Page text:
U.S. Sentencing Commission Plan
This is a panel discussion of the Basic Plan of the U.S. Sentencing Commission. The plan, which was adopted by Congress in November… read more
This is a panel discussion of the Basic Plan of the U.S. Sentencing Commission. The plan, which was adopted by Congress in November 1987, establishes guidelines for all federal offenses. Hence, what is at issue in the debate is the tension between equality and discretion in sentencing felons. Both Breyer and Nagel are for the plan, arguing that it creates consistency in sentencing. Nagel especially finds such consistency beneficial as it helps to eliminate those instances where sentencing was affected by race, sex, or class. MacCarthy, on the other hand, opposes the plan for two reasons. First, he argues that it will eliminate the discretion of trial judges leaving us with “sentencing by robotics.” Secondly, he argues that such “judicial legislation” violates the separation of powers. close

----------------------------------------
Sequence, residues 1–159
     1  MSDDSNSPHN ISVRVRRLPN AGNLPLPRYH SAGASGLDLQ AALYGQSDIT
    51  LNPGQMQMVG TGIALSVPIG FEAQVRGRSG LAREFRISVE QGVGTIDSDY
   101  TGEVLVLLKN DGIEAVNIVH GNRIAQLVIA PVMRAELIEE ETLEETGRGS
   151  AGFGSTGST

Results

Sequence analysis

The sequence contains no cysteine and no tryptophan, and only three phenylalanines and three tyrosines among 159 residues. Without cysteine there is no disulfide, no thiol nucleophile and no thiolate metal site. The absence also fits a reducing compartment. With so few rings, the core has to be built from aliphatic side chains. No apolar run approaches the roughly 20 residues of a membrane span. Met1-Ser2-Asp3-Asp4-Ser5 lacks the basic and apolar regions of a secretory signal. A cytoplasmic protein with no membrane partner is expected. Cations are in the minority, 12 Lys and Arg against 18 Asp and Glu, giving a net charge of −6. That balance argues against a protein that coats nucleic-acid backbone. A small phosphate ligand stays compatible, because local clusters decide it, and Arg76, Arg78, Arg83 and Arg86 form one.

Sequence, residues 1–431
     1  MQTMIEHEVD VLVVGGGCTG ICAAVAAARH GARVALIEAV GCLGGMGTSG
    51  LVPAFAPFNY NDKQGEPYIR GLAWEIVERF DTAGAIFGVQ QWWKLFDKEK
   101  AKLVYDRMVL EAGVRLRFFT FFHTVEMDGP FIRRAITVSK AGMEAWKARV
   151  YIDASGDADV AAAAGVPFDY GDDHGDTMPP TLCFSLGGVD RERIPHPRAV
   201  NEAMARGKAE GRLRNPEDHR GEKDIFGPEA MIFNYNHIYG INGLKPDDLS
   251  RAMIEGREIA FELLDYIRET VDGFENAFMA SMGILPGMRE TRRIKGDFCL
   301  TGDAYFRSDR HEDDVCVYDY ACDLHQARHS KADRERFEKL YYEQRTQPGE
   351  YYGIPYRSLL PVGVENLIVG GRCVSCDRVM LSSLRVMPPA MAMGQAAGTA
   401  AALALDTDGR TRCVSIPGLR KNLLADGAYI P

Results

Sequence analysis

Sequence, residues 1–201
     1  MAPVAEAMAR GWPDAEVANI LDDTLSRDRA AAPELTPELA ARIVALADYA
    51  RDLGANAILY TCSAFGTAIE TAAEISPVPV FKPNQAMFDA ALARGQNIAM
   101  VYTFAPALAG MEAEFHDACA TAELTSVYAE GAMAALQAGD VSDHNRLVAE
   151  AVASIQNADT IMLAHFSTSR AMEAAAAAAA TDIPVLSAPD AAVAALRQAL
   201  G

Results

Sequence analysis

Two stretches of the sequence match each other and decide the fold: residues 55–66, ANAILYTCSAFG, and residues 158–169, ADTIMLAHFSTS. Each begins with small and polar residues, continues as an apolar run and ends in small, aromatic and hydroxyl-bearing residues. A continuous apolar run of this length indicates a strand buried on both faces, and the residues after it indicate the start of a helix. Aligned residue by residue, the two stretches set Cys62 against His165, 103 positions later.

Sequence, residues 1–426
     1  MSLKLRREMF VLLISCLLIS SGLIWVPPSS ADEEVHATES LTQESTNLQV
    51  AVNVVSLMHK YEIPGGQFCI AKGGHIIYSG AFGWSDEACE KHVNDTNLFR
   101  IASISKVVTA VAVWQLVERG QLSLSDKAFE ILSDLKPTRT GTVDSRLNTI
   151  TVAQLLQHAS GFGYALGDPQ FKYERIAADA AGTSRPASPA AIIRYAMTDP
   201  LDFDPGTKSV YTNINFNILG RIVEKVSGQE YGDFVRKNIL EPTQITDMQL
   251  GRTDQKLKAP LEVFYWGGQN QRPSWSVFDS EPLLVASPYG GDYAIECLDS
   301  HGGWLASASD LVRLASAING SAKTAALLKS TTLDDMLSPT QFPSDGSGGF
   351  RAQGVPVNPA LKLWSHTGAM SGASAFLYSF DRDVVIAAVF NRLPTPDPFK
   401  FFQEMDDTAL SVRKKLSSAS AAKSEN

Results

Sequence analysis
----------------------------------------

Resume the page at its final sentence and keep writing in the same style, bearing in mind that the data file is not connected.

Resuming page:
*The transcript for this program was compiled from uncorrected Closed Captioning.
People in this video
- Stephen G. Breyer Judge U.S. Court of Appeals
- Frank H. Easterbrook Judge U.S. Court of Appeals->Seventh Circuit
- Terence MacCarthy Chairman American Bar Association->Criminal Justice
- Ilene Nagel Chairman and CEO U.S. Sentencing Commission
Scope of Federal Criminal Law
A panel discussion entitled Federalism and the Scope of Federal Criminal Law.
Death Penalty, Constitution & Criminal Law
Panelists discussed the death penalty and its application.
Pres. Reagan Addresses Federalist Society
Separation of Powers
Several judges spoke in a forum during the 1993 national workshop for Judges of the U.S. Court of Appeals on the…